The governor named five people to the Rio Grande Water Authority, which watches over conservation and reclamation along that river valley. They are Joe Barrera III, general manager of the Brownsville Irrigation District; Wayne Halbert, resident of San Benito, mayor of Rangerville, and general manager of the Harlingen Irrigation District and Adams Gardens Irrigation District; Sonia Kaniger of Harlingen, general manager of the Cameron County Irrigation District #2; Kathy Reavis of Mission, office manager of Reavis Farms; and Jimmie Steidinger, a farmer and rancher from Donna...
DEPARTMENT OF CORRECTIONS AND FURTHER EDIFICATION: Instead of saying Victor Morales almost caught Phil Gramm in the 1996 general election, we should've said he gave the Republican a scare and left it at that. Gramm won with 54.8 percent of the votes, or 598,643 more than the Democrat got. Morales, in percentage terms, got 43.9 percent of the votes cast. The then-senior senator, who'd been a presidential candidate earlier that year, was expected to do better; other Texas Republicans outperformed him on Election Day. Carole Keeton Strayhorn, then running under the Rylander moniker, got 58.4 percent of the vote in her statewide race against former state Sen. Hector Uribe, who got 39.0 percent. And Texas Supreme Court Chief Justice Tom Phillips won reelection with 56.3 percent of the vote against a fella named Andrew Jackson Kupper, who got 40.6 percent.
Political People and Their Moves
Glenn Shankle, who worked his way up into management positions at the comptroller's office and in other state agencies, is the new executive director of the Texas Commission on Environmental Quality. Shankle, the deputy exec, took the state's retirement incentive option earlier this year — lawmakers last year instated a bonus for state employees who retire as soon as they're eligible — but has been running TCEQ on an interim basis since Margaret Hoffman left the director's job in May. He was a candidate for the top job when Hoffman was chosen; this time, the board picked him...
Dallas school Superintendent Mike Moses told reporters and other watchers that he's worn out and ready to move on. He's resigning that job after more than three years, leaving a formerly divided and divisive school district in much more unified condition than what he found when he got there. Moses, a former Texas education commissioner, Texas Tech vice chancellor, teacher and administrator, didn't announce what he'll do when he leaves the DISD job at the end of his contract term...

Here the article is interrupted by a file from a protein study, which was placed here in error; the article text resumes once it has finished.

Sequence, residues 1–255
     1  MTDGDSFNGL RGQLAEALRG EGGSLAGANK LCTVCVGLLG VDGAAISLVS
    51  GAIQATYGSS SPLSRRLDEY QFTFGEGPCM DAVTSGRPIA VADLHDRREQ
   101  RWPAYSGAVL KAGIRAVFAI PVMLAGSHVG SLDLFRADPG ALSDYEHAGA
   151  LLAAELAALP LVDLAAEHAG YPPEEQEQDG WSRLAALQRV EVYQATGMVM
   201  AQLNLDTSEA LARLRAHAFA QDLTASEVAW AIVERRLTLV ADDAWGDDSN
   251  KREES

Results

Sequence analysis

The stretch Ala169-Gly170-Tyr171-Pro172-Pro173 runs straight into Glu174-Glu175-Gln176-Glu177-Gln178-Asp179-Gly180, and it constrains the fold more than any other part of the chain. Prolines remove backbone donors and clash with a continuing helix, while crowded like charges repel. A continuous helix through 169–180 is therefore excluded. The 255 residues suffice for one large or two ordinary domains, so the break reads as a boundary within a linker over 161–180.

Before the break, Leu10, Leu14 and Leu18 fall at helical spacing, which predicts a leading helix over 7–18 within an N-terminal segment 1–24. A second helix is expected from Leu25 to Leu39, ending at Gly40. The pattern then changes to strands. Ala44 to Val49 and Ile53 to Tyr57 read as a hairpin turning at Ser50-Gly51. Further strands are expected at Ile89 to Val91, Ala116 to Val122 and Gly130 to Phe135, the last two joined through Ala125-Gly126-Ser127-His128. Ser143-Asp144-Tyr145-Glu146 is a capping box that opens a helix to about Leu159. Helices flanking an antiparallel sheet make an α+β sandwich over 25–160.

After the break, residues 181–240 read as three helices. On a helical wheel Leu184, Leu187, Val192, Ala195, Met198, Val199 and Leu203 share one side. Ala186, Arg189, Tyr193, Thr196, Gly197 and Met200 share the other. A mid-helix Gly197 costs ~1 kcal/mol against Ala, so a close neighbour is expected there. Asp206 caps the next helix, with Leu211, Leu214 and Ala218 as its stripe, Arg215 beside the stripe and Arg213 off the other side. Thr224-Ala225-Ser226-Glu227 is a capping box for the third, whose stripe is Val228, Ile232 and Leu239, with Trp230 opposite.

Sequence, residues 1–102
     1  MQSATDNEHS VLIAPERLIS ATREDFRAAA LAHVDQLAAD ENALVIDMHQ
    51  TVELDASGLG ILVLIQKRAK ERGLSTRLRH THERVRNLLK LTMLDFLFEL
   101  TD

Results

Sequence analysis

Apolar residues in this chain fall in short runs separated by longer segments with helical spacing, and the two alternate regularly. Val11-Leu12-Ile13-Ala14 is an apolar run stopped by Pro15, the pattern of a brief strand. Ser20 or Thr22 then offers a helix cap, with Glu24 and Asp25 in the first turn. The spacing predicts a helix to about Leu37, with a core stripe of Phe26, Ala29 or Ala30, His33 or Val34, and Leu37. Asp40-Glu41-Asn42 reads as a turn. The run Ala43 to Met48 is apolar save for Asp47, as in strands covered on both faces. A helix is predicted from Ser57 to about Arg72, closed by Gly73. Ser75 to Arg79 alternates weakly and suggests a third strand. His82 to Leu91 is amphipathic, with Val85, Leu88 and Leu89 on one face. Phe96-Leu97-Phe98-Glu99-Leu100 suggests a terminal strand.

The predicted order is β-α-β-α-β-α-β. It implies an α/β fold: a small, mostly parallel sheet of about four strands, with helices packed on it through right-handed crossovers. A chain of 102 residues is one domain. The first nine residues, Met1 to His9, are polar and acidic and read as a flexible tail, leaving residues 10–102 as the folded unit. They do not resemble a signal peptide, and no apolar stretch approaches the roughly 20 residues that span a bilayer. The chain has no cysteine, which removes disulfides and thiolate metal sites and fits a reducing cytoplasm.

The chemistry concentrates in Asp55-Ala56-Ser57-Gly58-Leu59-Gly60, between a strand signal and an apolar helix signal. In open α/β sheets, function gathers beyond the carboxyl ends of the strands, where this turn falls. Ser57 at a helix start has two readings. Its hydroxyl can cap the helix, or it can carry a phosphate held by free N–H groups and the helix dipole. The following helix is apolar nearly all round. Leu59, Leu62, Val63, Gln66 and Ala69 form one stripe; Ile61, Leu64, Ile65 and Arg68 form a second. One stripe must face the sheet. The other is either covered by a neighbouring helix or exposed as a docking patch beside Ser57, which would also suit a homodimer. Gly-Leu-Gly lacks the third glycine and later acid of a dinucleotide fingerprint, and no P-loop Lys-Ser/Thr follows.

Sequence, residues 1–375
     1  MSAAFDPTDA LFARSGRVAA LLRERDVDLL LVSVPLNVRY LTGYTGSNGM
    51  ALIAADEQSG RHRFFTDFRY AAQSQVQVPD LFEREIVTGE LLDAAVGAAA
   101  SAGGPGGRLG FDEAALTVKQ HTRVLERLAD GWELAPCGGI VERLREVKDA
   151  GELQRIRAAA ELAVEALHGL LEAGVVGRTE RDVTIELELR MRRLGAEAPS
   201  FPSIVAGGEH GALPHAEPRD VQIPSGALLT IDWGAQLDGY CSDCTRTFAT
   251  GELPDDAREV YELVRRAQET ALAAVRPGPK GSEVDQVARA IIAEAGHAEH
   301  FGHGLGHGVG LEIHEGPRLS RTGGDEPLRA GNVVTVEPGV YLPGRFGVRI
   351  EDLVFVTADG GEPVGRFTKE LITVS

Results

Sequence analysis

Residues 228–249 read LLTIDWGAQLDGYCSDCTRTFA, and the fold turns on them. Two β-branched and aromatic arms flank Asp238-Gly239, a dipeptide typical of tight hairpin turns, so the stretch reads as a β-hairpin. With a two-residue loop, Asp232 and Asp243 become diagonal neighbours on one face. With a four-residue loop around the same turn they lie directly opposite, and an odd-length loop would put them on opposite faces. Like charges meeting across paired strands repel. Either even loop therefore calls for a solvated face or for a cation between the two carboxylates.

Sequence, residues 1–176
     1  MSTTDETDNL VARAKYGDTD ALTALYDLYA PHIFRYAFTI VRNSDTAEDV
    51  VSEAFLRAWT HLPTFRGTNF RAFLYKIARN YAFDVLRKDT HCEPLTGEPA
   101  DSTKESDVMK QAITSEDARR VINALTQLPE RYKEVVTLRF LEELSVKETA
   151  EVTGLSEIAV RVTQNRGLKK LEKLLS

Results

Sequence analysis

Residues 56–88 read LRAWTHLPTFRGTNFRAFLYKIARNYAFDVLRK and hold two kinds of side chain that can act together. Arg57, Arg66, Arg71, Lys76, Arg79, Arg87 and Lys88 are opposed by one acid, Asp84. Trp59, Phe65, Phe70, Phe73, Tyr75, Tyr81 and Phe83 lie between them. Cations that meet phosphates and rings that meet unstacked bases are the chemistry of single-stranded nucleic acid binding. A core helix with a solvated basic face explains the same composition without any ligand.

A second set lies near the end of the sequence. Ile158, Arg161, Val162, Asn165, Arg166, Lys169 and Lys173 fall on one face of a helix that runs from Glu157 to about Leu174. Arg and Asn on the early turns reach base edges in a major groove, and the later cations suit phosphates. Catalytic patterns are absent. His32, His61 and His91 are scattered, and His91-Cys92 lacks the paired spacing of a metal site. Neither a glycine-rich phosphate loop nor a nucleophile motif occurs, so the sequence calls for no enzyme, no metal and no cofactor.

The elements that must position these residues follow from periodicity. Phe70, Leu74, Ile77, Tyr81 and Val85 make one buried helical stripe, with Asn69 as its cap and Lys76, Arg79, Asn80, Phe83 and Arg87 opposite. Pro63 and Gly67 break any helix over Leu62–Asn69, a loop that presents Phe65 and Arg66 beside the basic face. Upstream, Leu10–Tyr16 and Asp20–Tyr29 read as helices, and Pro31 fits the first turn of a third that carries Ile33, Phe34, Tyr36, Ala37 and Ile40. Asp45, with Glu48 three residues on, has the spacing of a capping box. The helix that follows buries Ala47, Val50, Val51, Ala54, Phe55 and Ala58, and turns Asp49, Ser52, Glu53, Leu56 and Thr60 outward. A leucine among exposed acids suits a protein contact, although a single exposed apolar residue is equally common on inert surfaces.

Richard Evans, who's been working on health care and workers compensation insurance issues at the Texas Association of Business for almost five years, is leaving TAB for the fun-packed world of freelance lobbying. Evans will office with former legislator Dan Shelley; he worked for Shelley in the House, the Senate, and when Shelley was the legislative guy in the Guv's office...
Steve Foster left the Texas Senate's Natural Resources Committee for the law firm of Cantey & Hanger. Foster, who also worked for the redistricting, jurisprudence, and criminal justice committees in the Senate, will work in public law and lobby out of the Fort Worth firm's Austin office...
See the trouble titles cause? All we had to do was put David Beckwith in the same sentence as "chief of staff" to Sen. Kay Bailey Hutchison, and the phone started ringing. The actual title belongs to someone who did not call: Lindsay Howe Parham, who also runs the senator's Austin office. Beckwith's title, as we pointed out last week, is "Helper"...
Deaths: Lucy Reed Garretson Selby, a piano-playing college prof, political activist, newspaper researcher and mother of Texas political reporter Gardner Selby. She was 67...
Dr. Lloyd Alton Doggett, an Austin dentist and father of U.S. Rep. Lloyd Doggett, D-Austin, after a long illness. He was 93.
Quotes of the Week
Conservative activist Grover Norquist, counseling caution on some social issues: "There is a group of people who don't care one way or the other but if they hear you talking too much about either side of certain issues — guns, abortion, same-sex marriage — they think you are a little obsessive. The first person to say 'gay' in the debate loses. Because you brought it up."
Samantha Smoot of the Texas Freedom Network, talking to the State Board of Education about the sex education materials in textbooks under the board's consideration: "Regardless of how you personally feel about whether teenagers should have access in their textbooks to family planning and disease prevention information, the curriculum clearly requires it, and these books clearly lack it."
Talk show host Chris Matthews, quoted in The Dallas Morning News on people who purchase My Life, former President Bill Clinton's lengthy autobiography: "They may have bought the book, but they're damned well not going to read it. Once you put it down, you can't pick it up."
Conservative political organizer Paul Weyrich, quoted in The New York Times on the chance that a vote on amending the constitution to ban same-sex marriages would run gays and lesbians out of the Republican Party: "Good riddance."
Former Dallas Cowboy (we hear he did some other stuff, too) Mike Ditka in USA Today on why he decided not to run for U.S. Senate: "There was a moment when I said, God, I'd like to take this and run with it, and then I said, you know, put your head on straight and think about what you're getting into... I don't know how I would react on the Senate floor if I got in a confrontation with somebody I really didn't appreciate and maybe didn't appreciate me."
Ditka, telling the Chicago Tribune that he was wary of the political microscope: "Listen gang, we've all been there. We've all done something. But I'll be darn if I want my past or my present or future dragged out in the media. I have enough problems trying to convince my wife."
This is the last issue before our annual two-week summer break.
Texas Weekly will return in the first week of August.
Texas Weekly: Volume 21, Issue 7, 19 July 2004. Ross Ramsey, Editor. George Phenix, Publisher. Copyright 2004 by Printing Production Systems, Inc. All Rights Reserved. Reproduction in whole or in part without written permission from the publisher is prohibited. One-year online subscription: $250. For information about your subscription, call (800) 611-4980 or email biz@ texasweekly.com. For news, email ramsey@ texasweekly.com, or call (512) 288-6598.